Is anybody old enough to remember the phrase ‘light-off’? That’s nothing to do with the clocks going back, but it became a much-used line in the car industry a couple of decades ago.
‘Fast light-off’ referred to the amount of time it took for a then-new catalytic convertor to warm up sufficiently to clean up the pollution emitted by an engine, particularly when the engine was still cold.
The problem was that catalysts had to be reverse-engineered into existing cars and that wasn’t always easy. The first cats were simply fitted into the exhaust system, because there was usually some wriggle room in a car’s centre tunnel to house what looked like a big silencer box.
That was not the ideal position for the cat, which needs to warm up quickly. The best place for it was up near the engine manifold. But such a major bit of re-engineering and packaging usually has to wait until a car maker can incorporate the changes when a new generation of engine arrives. And that’s something that can take years.
The introduction of the first serious pollution laws in the European Union in the early 1990s meant catalysts had to be fitted to all petrol cars. Because most mass-market cars also still used carburettors, it meant a wholesale switch to fuel injection.
Some cars were sold that tried to combine carbs and cats. I remember driving a Citroën ZX which had this hopeless combination; the carb had to be set to run lean, but that meant starting when the engine was warm was nearly impossible.
That ZX was an lesson in the difficulty of keeping up with legislation when platforms and engines can have design lives of a decade or more.
The same issue arose later with Diesel Particulate Filters (DPFs). Introduced to meet new EU pollution regulations they had, like the cats, to be retro-engineered into the downstream part of the exhaust system.
However this caused no end of problems (especially in the UK’s stop-start conditions). This was because the DPFs would fill with up with soot, but the downstream exhaust - when used in city traffic - was not hot enough to re-burn the soot and release it. Only a blast on the motorway would clear the DPF out.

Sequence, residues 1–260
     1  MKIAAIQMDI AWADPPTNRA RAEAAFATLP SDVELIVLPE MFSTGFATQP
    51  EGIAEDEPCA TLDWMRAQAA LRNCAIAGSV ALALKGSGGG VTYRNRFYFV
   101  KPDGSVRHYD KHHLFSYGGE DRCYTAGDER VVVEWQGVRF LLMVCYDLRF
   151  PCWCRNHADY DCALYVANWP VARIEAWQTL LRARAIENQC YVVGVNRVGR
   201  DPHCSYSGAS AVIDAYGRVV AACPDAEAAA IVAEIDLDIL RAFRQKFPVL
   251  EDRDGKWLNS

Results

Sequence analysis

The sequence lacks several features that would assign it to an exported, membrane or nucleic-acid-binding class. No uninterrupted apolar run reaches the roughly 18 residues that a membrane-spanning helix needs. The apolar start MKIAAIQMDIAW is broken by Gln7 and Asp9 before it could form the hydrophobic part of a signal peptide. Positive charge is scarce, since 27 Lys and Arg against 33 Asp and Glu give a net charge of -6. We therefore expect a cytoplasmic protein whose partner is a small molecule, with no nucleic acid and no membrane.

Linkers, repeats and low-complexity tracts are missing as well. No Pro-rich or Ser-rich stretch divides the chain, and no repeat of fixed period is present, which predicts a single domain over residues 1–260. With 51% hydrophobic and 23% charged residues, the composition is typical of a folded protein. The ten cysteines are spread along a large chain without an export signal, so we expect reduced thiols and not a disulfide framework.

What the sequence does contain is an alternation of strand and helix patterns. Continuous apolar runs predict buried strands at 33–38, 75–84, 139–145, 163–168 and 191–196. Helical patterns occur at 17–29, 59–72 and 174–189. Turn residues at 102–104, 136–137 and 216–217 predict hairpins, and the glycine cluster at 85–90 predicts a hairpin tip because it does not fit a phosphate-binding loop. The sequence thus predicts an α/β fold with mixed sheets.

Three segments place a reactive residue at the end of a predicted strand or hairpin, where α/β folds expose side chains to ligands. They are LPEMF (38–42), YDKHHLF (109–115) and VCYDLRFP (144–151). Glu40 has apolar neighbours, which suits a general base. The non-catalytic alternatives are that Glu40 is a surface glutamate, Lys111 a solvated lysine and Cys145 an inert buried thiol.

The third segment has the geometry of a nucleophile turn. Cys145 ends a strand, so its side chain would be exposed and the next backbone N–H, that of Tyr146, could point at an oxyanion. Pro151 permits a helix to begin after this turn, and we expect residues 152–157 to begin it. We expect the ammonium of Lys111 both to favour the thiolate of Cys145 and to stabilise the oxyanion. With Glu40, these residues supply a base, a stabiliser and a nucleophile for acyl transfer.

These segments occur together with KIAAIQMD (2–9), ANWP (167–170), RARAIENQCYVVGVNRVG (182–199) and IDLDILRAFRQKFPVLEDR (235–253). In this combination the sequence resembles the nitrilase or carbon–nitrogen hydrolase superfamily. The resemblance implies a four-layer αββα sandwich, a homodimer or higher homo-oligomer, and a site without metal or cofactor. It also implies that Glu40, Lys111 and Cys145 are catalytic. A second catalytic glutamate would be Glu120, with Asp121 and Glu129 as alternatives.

Blocked DPFs were quite common, with cars dropping into limp-home mode when the DPF was full. Repeated blockages could kill the DPF, leading to a big garage bill.
Today, just as with the catalytic convertors, the DPFs have been moved up the exhaust, close to the engine manifold. But again, that’s a move that usually had to wait for a new generation engine family to be introduced.
By now, you’ve probably already guessed that there’s likely to be a similar reason behind Volkswagen’s diesel cheat.
In the middle of the last decade the EA189 engine was being prepared and VW was switching from Pumpe Düse (or unit injector) to the more refined ‘common-rail’ diesel injection used by rivals. The company was also basing its transverse-engine car models on the PQ35 platform.
I’m guessing here, but I think that the decision to sell the EA189 diesel engine in the US meant that it needed to an use AdBlue urea injection to meet strict US clean air regulations.
Problem was that, unlike the previous cat and DPF fixes, a big AdBlue tank and the exhaust injection system just could not be ‘made to fit’ on the PQ35 platform without expensive re-engineering. The factory cost of an AdBlue system would also have been very high for middle-range models such as the US Jetta and Passat.
The upshot was that senior management’s determination to drive diesel sales in the US met head on with the fact that the unmodified PQ35 platform could not accommodate a serious ‘clean diesel’ transmission.
If you want evidence of how an AdBlue system has to be engineered in from first principles - especially on compact cars -the size of the urea tank on the VW MQB platform will provide it. There was no way it could have been retro-fitted to the architecture underpinning the Mk5 Golf family.
Common sense would have suggested that VW would have to hold off on diesel sales in the US until the MQB-based VWs arrived in 2013. And that would have hardly been a big financial issue, considering how small the brand’s market share was in North America.
So whoever it was at VW that decided to insist on American diesel sales in the face of the clear engineering hurdles has probably made one of the costliest decisions in corporate history.